2010 marked the 100th anniversary of Nightingale’s death, but there was very little celebration of her life and accomplishments. It was also the 150th anniversary of the publication of her most famous book, Notes on Nursing, and the founding of her school. By contrast, 2009 marked the 150th anniversary of the publication of Charles Darwin’s Origin of Species, which was hugely celebrated.
Nursing historians have had an ongoing debate on Nightingale’s achievements: “Was there a Nightingale system of training, and if so, did it have any significant influence on the development of nursing in the 19th century?” It is hard to imagine a comparable question being asked of Darwin’s achievements. Why?
Nightingale was always controversial and always had detractors, but from 1982 her reputation has been attacked. Below are a series of exchanges with Nightingale critics and print or broadcast media, questioning and rebutting some of these attacks.
- Letter to Sir Hugh Taylor, chair, Guy's and St Thomas's NHS Trust, regarding proposal for a Mary Seacole memorial
- Letter to Baron Patten of Barnes, chair of the BBC Trust, jointly signed by Lynn McDonald, Tom Keighley, Alison Macfarlane, Eileen Magnello, and Susan McGann, 2011
- Letters to BBC executives, in reference to the BBC TV productions "Florence Nightingale: Iron Maiden" (2001), "Florence Nightingale" (2008) and "Mary Seacole: a Hidden History" (2005)
- Times Online article re the 2008 BBC programme
- Letter to editor of Oxford Dictionary of National Biography, in reference to article by Baly and Matthew in 2005 edition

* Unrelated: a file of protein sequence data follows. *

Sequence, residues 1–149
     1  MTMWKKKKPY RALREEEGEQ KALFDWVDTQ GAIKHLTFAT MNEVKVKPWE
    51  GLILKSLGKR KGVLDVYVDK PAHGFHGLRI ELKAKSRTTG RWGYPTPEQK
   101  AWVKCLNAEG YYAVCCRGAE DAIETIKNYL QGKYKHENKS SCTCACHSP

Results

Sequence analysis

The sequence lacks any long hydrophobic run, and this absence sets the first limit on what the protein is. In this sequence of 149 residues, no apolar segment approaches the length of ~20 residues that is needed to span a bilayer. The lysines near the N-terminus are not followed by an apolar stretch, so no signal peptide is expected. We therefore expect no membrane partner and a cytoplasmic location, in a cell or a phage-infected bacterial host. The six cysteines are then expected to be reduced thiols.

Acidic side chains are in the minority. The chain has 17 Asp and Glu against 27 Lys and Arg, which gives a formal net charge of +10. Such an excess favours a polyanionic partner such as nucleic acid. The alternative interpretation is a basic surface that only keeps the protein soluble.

- An unscrupulous liar? Florence Nightingale revealed in her own writings. Article by Lynn McDonald in The Times Literary Supplement, 6 December 2000
- Exchange of letters with F.B. Smith, author of Florence Nightingale: Reputation and Power
There are sections within the Collected Works volumes themselves with refutations; see Appendix B: The Rise and Fall of Florence Nightingale’s Reputation, in Life and Family 1:843-47; Appendix B: Secondary Sources on Nightingale and Women, in Women, 8:1039-53; The Revisionist Literature on Nightingale, in Extending Nursing 12:31-36; Secondary Sources on Nightingale and the Crimean War, in The Crimean War 14:32-40.
A whole new society has been established to defend Nightingale against the attacks and circulating misinformation. See its website: www.nightingalesociety.com/.
There is now so much misinformation about Mary Seacole in circulation, even the proposal that she was Nightingale’s equal in establishing nursing, or her better, so that she should replace Nightingale as the major founder. A website is now available with refutations of the misinformation in circulation. See: www.maryseacole.info/.